Bias in Obesity Research

If you are overweight, that means that your probably of dying early is greatly increased, right? I’ll bet your doctor has told you exactly that (my VA doc has — he told me that all of the “obesity research” said so).

Researchers led by CDC senior epidemiologist Katherine Flegal conducted a meta-study of several major federal health studies done between 1976 and 2000, with a very interesting measurement criterion for the endpoint — namely, death. The intent was to determine how much influence excess weight has on all-cause mortality, so they took some care in isolating weight from other confounders such as smoking, alcohol consumption, and race.

When the researchers discovered that being overweight actually reduced all-cause mortality, the entire study was thrown out and started over with all new data from different studies from roughly the same time period. After all, everybody knows that overweight is unhealthy. They just assumed that something in the study was giving the “wrong” answer, and they just needed to find the “right” meta-data to use to reach the “correct” answer.

The second study showed the same results.

Two long-term, large, important, and arguably well-constructed studies which both reached the same conclusion, namely, overweight people live longer than people of “normal” weight.  Having a few extra pounds of fat on your body appears to be not only protection against several types of disease, but aids in the recovery from various types of injury.

How many of you have heard of either of these studies? When I told one of the “doctors” at the VA Medical Center in Dallas that overweight people live longer than skinny people, he flatly “informed” me that he knew better, and that the thinner you are, the longer you will live. I think one of the things that they teach in medical school is that a doctor must never admit to having made an error. Another item medical schools must teach is that you can get all of the medical knowledge you really need from pharmaceutical brochures and television commercials.

One reason you might not have heard of these studies is because they are really hard to find. Most of the links I have found to these studies have been orphaned, and the CDC site itself no longer lists the studies anywhere I could find. For some time after that, the CDC was still claiming that obesity is “responsible for 400,000 excess deaths per year,” a “fact” which has no basis in reality, and which has been repeated all over the internet.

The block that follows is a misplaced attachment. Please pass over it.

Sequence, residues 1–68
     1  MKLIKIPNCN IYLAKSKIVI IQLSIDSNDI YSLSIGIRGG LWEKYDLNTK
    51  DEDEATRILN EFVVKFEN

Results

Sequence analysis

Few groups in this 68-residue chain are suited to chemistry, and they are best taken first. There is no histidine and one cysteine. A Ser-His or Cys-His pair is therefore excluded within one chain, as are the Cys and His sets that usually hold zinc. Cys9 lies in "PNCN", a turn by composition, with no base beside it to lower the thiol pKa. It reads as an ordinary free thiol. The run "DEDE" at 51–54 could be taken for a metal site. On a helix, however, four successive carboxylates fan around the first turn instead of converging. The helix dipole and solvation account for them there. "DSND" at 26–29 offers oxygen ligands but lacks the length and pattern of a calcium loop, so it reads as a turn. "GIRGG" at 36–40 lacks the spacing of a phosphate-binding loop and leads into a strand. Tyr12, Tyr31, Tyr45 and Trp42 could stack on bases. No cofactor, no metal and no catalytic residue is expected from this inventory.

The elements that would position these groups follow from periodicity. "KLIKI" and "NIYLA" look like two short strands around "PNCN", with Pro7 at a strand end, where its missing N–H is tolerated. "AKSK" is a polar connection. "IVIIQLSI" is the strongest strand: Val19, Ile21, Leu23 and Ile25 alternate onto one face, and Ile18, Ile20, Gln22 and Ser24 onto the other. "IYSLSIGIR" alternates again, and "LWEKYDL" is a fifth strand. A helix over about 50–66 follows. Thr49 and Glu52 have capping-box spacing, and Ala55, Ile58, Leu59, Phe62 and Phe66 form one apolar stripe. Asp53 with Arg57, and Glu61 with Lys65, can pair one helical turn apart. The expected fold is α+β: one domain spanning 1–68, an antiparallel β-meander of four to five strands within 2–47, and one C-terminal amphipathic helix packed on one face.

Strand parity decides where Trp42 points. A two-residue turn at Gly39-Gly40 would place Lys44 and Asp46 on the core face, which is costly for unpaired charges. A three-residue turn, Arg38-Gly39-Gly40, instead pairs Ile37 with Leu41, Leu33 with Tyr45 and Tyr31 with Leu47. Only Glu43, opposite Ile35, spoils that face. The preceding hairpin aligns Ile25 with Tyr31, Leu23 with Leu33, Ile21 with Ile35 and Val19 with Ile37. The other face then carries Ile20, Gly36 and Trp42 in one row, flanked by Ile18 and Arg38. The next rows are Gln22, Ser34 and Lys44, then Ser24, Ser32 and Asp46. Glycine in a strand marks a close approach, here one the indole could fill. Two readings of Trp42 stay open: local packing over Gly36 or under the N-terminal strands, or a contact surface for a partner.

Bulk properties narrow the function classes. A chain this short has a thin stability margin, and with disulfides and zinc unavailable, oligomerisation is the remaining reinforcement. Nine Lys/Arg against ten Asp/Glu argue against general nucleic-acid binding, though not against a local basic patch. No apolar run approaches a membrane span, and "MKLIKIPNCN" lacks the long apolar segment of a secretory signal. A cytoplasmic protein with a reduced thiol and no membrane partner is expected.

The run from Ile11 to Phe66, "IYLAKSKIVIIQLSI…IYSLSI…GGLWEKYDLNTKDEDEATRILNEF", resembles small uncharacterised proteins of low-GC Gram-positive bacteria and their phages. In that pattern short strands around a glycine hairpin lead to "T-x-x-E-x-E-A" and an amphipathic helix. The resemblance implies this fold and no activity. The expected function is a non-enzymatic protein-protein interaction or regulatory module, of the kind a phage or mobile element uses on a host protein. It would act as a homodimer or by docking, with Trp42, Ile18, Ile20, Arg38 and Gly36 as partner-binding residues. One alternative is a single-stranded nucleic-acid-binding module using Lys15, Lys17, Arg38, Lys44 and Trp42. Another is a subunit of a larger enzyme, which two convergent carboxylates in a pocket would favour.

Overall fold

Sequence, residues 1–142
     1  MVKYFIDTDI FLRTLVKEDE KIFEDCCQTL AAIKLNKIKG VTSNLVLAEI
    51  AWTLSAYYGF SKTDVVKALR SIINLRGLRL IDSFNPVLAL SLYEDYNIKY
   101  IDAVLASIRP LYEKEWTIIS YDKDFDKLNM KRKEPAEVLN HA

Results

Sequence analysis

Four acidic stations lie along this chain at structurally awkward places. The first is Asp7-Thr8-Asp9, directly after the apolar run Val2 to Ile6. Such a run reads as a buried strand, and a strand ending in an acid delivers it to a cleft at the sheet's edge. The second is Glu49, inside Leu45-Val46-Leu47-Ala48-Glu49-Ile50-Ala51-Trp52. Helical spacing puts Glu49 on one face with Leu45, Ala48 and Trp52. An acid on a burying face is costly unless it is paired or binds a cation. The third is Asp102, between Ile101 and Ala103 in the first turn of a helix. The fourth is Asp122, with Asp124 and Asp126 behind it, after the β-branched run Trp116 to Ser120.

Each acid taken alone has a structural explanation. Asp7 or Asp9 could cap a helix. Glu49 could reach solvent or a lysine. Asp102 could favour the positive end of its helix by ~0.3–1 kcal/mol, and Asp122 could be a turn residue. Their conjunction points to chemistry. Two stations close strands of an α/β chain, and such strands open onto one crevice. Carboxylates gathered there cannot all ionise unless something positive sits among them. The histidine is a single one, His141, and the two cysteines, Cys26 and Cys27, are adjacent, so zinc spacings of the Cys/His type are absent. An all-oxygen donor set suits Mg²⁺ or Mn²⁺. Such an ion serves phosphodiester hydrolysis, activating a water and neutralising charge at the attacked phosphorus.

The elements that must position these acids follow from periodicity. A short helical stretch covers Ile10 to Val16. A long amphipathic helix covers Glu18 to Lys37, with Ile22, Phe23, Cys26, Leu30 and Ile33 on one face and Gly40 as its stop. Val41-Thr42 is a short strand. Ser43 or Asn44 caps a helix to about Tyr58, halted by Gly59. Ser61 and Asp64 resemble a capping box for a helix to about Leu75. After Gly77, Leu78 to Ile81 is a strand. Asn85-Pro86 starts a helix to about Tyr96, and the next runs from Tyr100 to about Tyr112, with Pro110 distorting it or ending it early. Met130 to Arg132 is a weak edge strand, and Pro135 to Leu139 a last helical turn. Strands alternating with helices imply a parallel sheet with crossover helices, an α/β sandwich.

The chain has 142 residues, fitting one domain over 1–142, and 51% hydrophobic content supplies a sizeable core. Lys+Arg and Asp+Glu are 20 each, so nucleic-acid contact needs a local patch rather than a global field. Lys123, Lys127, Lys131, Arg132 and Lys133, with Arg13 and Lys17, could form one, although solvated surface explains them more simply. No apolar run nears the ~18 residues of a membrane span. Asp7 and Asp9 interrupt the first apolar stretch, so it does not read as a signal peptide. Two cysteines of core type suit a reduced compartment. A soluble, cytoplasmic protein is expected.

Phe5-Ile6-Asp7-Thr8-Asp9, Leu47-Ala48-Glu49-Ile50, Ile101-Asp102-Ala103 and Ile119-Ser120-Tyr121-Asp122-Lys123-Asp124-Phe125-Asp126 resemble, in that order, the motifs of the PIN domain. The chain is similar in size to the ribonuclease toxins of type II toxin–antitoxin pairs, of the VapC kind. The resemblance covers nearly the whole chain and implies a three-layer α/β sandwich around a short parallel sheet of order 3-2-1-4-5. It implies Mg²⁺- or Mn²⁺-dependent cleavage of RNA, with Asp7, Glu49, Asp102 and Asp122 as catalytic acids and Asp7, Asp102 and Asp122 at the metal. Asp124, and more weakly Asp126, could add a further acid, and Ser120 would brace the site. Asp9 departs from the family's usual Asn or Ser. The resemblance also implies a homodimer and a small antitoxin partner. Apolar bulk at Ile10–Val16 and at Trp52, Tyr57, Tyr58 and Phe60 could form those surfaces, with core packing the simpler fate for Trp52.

However, I did find the 2nd study in JAMA April 20, 2005, Vol 293, No. 15. Here is an excerpt:

Relative to the normal weight category (BMI 18.5 to <25), obesity (BMI ≥30) was associated with 111 909 excess deaths (95% confidence interval [CI], 53 754-170 064) and underweight with 33 746 excess deaths (95% CI, 15 726-51 766). Overweight was not associated with excess mortality (−86 094 deaths; 95% CI, −161 223 to −10 966).

Digging a little deeper into that study, I found the following graphs which plot all-cause mortality versus BMI (click on graph for larger, more legible version):


Looking closely, you can see that all-cause mortality is lowest in the group with BMI between 25 and 30 in all three age groups. And the group that fared worst overall was the group with BMI < 18.5 — especially in the age group that I currently occupy.

Note the bias, even here! Can you see it? The “normal” group (BMI 18.5 to 25) is arbitrarily baselined as 1.0 relative risk. If you instead baseline the group from 25 to 30 as 1.0, the relative risk of “normal” weight would be a bit more obvious, and you would see more clearly that being obese (BMI 30-35) is only very slightly worse than being “normal.”

I recently learned from a friend about a very interesting blog (now inactive) called Junk Food Science which has a lengthy series of articles on this “obesity paradox.” The author of that blog has been the target of some fairly vicious attacks, so you might want to go read her articles before they get taken down by some spurious complaint.

About Mr. N=1

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